Fairytale And Nightmare: Suspiria


Primary colours set the mood in Dario Argento's tale of lost girls and witchcraft

After quite a while of knowing about this film, I finally got around to watching Dario Argento’s Italian horror Suspiria last night, at about 4am. This came as part of my search to locate good, creative horror I feel comfortable watching, in the wake of my discovery that today’s torture porn horror scene really isn’t for me (see this article). Well, I’m not into classing things as masterpieces, but Suspiria certainly is a wonderful film.

Perhaps brutal murders played out on the screen differs from the usual meaning of “wonder” but this film’s worst death scene is confined to the opening scene, barely lasts three minutes, and is really quite tame in terms of the standards of violence we are used to in cinema currently.

Suspiria grabbed me really because of its Grimm fairytale aesthetic. The story concerns that of Suzy, a naive American girl who attends a prestigious dance academy in Germany. However, as soon as she arrives, other girls at the school start dying in horrific ways, and it becomes clear something very sinister is going on. For those who’ve not seen the film and would like to, I’ll warn that there are spoilers from this sentence onward. The dark secret is that the academy is run by a coven of evil witches. And so Suzy becomes our wide-eyed Disney heroine, only here there is no dashing hero to save her, and Suzy is left alone in the black forest to fend for herself.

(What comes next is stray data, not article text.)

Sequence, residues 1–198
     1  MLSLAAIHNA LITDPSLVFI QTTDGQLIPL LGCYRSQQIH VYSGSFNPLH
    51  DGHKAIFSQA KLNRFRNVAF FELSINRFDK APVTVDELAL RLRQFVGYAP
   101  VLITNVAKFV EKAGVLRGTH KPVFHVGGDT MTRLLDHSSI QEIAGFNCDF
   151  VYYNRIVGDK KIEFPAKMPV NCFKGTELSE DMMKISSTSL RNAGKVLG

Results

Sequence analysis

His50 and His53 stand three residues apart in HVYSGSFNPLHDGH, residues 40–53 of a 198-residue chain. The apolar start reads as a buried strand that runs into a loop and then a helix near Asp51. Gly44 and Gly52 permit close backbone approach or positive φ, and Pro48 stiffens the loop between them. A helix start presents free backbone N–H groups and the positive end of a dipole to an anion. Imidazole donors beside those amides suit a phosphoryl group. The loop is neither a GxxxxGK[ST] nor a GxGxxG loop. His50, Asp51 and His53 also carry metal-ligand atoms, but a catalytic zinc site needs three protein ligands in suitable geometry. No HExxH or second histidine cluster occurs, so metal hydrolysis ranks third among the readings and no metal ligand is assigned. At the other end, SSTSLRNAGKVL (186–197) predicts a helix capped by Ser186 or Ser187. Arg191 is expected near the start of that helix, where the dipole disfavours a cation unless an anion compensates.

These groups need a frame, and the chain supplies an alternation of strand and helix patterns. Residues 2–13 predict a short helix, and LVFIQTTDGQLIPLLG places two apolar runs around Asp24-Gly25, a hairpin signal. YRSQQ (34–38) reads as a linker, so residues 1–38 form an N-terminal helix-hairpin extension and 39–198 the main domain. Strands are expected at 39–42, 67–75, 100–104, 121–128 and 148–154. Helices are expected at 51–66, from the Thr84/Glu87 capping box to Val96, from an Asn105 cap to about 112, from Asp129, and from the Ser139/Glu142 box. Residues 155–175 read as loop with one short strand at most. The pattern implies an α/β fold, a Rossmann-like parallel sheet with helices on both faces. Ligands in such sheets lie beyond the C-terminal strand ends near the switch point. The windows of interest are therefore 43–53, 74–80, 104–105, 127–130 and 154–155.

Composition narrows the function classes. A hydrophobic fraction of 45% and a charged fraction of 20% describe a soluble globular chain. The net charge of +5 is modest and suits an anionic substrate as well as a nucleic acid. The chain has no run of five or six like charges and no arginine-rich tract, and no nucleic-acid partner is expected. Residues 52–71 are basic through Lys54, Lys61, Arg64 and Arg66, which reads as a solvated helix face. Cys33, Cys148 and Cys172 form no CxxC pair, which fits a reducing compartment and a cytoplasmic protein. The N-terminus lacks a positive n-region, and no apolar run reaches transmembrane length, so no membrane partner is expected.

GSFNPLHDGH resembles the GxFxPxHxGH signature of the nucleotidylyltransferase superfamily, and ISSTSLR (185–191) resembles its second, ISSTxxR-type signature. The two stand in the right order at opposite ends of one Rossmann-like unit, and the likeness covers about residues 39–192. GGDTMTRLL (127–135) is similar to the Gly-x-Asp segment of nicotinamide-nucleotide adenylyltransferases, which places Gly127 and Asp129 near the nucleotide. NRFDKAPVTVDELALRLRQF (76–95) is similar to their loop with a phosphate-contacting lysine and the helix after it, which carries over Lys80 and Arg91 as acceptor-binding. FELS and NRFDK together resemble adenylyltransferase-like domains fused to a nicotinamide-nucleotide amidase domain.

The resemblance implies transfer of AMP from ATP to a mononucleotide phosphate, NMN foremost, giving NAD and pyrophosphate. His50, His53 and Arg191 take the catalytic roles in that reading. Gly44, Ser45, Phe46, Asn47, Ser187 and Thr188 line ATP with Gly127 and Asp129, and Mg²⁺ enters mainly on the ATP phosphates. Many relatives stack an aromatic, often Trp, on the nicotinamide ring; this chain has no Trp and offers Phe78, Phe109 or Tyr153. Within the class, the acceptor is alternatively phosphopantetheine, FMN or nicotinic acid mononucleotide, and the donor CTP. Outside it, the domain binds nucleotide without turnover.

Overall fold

An exhillerating mixture of fairytale and nightmare are blended together here: the chiming bells of the soundtrack are interspersed with growling hymnals and goblin noises, perfectly setting the tense, nightmarish mood. But what really sets this film apart from a lot of its contemporaries is Argento’s use of colour: the screen is set alight with splashes of red, green and blue, by turns evoking weird, dreamy and horrifically frightening atmospheres. These equate to what I think is a great example of visual poetry.

One scene to particularly stand out for me is one in which Suzy and a friend are discussing the weird snoring noise they can hear coming from the other side of the partition where they are sleeping. The room is soaked blood-red, while the silhouette of a sleeping woman (or witch?) is etched into the canvas behind them. It’s a scene that so exquisitley belongs in the realm of European fairytale picture books.

It’s a real shame that the director simply hasn’t kept up with the standards he set with this film, as it is a real dark gem waiting to be discovered, and I’m glad I watched it. I’ve included a video of the best scene below, which comes at the end of the film. Left alone when the rest of the school goes to see a theatre show, Suzy uncovers the secret coven and confronts the head witch.




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